Anyway, after that brief technical interlude, let me explain why removing backwards compatibility won’t speed up the processor. Because most of it’s implemented in the microcode ROM. I don’t know if you recall when the P4 first came out. A lot of commentators, running their tests on Windows 98, suggested that the P4 was actually slower clock-for-clock than the PIII. Guess why? Partly that code was optimised for the PIII which had different characteristics from the P4 – but also that Windows 98 still contained a lot of 16–bit code, which hit the microcode ROM.
If you don’t use the expensive instructions, you don’t incur any cost, particularly, for them being there. Presumably there’s a little more complexity in the decoder logic to determine that the instructions are in microcode.
People often make the same mistake with respect to Windows XP. They think that the existence of the DOS and Win16–compatible subsystems slows it down. Nope. That code lives in NTVDM.EXE and WOWEXEC.EXE, which aren’t even loaded unless they’re being used. I also need to be clear that the console window is not DOS. cmd.exe, the Command Prompt, is a 32–bit Windows application that uses the console subsystem. The difference between a console app and a Windows app is that a console app has a console created for it if its parent was not running in a console. What is a console? It’s a window which is created and updated by the CSRSS process. There’s some code in there to handle back-compat graphics but again this almost certainly isn’t loaded unless it’s being used. A lot of this has been ditched for Windows x64, but that’s because the processor doesn’t support virtual-8086 mode, necessary for this support, in so-called Long Mode (64–bit mode).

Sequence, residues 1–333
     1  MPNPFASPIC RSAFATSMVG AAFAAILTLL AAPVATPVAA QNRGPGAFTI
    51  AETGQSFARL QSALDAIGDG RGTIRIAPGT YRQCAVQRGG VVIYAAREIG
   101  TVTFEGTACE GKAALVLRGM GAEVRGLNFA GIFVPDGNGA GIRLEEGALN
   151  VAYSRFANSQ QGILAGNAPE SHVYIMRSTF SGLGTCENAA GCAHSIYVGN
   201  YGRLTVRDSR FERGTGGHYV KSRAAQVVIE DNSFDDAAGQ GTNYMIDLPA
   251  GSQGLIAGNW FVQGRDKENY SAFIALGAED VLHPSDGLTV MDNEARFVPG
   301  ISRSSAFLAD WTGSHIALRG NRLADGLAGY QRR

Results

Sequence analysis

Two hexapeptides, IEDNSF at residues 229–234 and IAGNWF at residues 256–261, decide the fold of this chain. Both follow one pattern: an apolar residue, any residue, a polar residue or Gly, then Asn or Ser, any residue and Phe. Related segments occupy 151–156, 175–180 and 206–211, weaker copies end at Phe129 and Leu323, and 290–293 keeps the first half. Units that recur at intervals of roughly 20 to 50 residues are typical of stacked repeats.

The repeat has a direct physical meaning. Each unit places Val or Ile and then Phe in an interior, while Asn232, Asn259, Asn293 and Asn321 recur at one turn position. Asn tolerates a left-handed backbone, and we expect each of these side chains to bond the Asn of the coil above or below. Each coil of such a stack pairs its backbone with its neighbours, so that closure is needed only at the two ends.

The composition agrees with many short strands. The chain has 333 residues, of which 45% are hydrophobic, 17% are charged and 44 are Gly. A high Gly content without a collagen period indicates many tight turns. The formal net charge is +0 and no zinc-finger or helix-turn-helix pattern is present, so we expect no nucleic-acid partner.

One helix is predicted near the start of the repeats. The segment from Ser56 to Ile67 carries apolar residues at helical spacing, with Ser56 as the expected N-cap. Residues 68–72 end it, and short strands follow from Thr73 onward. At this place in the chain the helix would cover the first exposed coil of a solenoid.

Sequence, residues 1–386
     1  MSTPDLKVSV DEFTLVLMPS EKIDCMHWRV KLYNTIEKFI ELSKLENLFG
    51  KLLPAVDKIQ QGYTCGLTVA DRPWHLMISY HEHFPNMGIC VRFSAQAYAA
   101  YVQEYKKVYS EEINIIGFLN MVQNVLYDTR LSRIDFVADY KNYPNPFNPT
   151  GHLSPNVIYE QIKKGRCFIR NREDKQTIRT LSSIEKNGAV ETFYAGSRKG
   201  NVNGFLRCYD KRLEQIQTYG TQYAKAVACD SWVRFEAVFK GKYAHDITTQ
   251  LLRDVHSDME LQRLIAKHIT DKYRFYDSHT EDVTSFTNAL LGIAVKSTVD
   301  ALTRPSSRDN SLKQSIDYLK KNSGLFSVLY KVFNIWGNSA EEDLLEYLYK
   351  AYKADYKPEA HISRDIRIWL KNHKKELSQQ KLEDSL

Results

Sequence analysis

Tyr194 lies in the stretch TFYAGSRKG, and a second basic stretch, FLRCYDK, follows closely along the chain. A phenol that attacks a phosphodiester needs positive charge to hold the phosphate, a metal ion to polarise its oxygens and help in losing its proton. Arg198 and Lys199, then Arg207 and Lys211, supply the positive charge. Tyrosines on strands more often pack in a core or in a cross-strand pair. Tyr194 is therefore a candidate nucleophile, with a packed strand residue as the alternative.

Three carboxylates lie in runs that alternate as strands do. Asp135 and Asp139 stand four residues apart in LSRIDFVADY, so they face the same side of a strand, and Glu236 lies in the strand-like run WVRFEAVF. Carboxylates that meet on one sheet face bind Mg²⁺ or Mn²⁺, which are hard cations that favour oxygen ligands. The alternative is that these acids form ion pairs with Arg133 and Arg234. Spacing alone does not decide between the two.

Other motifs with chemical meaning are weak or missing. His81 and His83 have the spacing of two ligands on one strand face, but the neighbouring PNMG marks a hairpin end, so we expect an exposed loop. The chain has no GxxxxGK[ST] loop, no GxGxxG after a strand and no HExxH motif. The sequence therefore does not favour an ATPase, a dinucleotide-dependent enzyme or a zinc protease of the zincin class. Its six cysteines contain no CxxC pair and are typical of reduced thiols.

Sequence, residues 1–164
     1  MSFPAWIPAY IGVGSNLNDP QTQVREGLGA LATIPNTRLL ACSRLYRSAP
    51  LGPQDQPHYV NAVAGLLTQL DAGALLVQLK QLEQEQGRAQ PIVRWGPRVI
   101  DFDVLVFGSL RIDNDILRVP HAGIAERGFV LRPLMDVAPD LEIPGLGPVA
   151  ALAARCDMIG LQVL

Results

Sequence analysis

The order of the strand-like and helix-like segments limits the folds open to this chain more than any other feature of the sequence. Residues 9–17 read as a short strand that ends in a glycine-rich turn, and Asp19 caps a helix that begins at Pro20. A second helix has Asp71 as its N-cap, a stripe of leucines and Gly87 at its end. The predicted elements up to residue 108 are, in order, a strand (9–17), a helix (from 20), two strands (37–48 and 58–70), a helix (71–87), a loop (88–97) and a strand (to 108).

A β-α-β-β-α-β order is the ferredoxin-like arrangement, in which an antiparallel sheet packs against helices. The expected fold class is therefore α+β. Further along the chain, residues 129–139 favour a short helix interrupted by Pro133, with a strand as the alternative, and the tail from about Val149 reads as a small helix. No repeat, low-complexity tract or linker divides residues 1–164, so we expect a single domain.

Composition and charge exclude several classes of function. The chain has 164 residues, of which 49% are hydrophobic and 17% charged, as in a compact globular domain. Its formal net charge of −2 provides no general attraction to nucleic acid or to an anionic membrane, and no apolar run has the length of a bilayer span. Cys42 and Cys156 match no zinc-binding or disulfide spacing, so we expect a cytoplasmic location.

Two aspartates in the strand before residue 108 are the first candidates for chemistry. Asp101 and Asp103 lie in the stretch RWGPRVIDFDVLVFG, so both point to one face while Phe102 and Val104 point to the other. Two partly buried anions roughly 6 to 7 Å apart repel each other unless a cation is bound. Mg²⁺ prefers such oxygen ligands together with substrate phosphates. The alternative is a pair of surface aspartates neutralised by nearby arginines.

cmd.exe supports (I believe) all of the DOS command interpreter, command.com’s feature set, and extends it greatly. This, plus the command-line environment, leads a lot of people to be confused. Particularly when some of the system utilities, like more, exist as files named more.com. If you look with dumpbin or depends, you’ll see that more.com is in fact a Win32 console executable.